New Boots

By First Nations Artist Nokomis

This was the day we got our new boots.

Mom had made them from a moose hide that she'd spent more than a week tanning during the Fall hunting season. The boots were trimmed with strips of beaver fur (which she also trapped and tanned) and they were decorated with beads sewn onto black velveteen which was attached to the vamp.

We wore heavy wool hand knit socks and, if the footwear was made too large so that we would have to grow into it, we also used an felt inner sole to take up some of the toe room.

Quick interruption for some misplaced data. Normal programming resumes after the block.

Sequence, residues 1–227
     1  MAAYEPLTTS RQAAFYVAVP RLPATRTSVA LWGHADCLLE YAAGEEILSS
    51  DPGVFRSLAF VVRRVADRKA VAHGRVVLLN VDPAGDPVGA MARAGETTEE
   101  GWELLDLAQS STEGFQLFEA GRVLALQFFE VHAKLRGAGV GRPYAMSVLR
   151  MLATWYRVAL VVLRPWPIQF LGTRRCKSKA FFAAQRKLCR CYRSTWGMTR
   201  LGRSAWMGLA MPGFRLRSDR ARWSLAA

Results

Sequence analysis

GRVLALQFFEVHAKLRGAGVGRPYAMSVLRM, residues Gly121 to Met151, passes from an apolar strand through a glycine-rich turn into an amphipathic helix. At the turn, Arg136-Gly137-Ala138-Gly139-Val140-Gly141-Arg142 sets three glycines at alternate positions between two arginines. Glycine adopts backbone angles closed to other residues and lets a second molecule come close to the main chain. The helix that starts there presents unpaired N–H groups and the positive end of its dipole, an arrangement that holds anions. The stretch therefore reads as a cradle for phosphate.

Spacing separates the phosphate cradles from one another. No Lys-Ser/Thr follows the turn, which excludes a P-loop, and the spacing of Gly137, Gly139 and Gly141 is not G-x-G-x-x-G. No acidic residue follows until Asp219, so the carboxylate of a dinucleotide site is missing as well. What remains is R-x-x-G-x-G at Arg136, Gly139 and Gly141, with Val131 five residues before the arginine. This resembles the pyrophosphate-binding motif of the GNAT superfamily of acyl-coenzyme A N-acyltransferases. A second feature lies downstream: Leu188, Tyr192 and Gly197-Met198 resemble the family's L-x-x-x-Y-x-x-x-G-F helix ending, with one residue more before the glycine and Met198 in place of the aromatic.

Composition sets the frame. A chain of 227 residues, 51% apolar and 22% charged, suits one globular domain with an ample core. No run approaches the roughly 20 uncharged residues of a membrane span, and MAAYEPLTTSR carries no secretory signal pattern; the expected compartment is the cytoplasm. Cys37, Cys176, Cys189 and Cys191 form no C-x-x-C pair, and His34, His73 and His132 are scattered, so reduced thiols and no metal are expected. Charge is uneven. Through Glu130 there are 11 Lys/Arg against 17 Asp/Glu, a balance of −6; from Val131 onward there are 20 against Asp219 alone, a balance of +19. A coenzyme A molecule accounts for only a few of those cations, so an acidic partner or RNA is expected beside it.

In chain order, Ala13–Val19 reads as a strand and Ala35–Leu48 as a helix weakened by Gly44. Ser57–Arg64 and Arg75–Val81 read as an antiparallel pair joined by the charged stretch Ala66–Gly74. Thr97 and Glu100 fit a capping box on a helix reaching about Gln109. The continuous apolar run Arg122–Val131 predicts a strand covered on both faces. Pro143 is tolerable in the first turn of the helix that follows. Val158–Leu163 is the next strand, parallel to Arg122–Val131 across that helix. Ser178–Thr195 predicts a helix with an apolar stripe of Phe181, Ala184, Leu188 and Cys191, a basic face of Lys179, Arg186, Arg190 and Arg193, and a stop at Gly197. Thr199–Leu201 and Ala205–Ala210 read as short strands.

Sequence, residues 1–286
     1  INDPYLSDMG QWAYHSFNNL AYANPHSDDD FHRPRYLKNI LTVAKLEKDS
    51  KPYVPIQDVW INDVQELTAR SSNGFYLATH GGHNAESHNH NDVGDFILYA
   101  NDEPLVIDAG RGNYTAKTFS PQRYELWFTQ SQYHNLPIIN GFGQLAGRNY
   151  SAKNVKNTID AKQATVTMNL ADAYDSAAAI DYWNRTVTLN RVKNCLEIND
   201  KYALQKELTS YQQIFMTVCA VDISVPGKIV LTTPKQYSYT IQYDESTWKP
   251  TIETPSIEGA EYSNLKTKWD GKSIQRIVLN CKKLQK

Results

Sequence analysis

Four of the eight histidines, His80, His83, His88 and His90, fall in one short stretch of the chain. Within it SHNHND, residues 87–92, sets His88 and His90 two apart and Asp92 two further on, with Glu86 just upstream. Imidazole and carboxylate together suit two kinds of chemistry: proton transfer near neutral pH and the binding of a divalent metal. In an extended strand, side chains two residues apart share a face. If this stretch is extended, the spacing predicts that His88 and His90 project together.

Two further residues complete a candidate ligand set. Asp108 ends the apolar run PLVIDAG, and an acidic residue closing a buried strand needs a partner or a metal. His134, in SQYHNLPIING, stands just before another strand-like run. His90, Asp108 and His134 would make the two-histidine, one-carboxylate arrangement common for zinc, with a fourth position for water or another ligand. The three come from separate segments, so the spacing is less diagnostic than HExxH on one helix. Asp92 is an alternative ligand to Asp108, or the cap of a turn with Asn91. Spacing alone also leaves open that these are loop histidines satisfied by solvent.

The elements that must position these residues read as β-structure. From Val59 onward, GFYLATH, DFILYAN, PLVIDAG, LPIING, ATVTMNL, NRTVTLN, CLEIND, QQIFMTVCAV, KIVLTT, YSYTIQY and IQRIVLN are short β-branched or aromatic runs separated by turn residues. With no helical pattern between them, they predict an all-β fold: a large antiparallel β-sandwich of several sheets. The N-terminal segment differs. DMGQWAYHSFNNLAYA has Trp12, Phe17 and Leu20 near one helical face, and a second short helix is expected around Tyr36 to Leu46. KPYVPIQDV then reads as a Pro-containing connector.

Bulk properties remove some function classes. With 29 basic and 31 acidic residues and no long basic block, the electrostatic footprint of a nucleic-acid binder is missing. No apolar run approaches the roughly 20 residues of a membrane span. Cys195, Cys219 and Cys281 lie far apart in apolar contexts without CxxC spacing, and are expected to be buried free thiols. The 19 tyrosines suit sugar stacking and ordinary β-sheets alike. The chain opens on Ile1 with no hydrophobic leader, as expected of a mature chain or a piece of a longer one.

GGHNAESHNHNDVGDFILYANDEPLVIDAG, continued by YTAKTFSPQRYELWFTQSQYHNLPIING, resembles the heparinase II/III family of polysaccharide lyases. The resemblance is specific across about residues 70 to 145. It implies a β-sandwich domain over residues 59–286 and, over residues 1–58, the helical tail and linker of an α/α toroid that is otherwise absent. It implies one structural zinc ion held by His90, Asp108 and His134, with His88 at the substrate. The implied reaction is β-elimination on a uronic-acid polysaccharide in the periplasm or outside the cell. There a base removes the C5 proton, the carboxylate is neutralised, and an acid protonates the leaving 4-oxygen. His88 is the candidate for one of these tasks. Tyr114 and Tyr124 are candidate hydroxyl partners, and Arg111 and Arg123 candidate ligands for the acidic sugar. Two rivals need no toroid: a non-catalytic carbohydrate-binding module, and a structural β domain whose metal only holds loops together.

My brother and I are rushing outside to test the quality of our mother's workmanship... we want to see how far we can slide!

Nowadays when little children (boys particularly) get a new pair of running shoes I see them sprinting out of the store and racing down the shopping mall to test how well the shoe brings them to a screeching halt!

Our test of quality footwear was the exact opposite. The further we could slide the better the boots.

My boots were always the best.

It took my younger brother years and years to figure out that I only slid further because I was older and heavier.

You can leave me with my new boots and nasty ways and go home or you can read on . . .

Here's some more stories by Nokomis...